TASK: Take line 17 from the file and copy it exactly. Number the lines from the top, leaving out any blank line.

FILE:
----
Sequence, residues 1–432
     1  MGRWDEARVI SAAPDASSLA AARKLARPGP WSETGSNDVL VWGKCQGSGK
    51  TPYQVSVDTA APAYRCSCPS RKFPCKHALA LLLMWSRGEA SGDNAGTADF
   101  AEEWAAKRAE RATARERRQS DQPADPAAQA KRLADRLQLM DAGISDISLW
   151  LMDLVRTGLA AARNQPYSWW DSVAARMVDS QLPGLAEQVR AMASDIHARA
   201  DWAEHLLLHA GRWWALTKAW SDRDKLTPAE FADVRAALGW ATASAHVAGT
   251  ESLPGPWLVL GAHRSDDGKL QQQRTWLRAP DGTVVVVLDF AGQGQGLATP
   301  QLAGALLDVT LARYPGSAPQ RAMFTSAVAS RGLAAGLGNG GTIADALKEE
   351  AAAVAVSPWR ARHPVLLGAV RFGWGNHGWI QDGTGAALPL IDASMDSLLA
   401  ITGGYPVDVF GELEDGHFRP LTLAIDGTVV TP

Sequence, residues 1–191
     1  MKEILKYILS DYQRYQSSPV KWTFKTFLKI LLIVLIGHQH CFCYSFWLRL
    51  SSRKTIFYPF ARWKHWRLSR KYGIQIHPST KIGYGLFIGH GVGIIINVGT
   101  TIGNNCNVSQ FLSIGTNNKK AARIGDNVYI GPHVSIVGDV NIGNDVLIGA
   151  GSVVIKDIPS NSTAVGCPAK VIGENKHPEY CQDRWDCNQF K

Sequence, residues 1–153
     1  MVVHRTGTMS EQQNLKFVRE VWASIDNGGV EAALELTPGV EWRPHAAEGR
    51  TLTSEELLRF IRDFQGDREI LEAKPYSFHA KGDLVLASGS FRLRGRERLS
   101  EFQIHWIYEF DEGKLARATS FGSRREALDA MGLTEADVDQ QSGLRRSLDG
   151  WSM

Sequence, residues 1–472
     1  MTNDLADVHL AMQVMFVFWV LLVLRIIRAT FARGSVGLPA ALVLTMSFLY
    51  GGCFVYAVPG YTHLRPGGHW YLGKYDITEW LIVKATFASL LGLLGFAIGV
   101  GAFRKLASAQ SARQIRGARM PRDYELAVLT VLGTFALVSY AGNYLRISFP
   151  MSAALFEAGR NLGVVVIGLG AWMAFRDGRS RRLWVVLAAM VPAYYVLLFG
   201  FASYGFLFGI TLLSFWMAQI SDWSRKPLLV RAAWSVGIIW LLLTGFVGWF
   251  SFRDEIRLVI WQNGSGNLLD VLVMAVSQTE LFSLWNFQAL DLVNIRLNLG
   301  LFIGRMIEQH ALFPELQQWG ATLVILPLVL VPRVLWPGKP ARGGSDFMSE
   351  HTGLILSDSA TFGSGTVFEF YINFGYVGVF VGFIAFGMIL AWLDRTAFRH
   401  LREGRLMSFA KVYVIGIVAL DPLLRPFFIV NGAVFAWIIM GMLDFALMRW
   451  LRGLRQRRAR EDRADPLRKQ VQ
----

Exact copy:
     1  MVVHRTGTMS EQQNLKFVRE VWASIDNGGV EAALELTPGV EWRPHAAEGR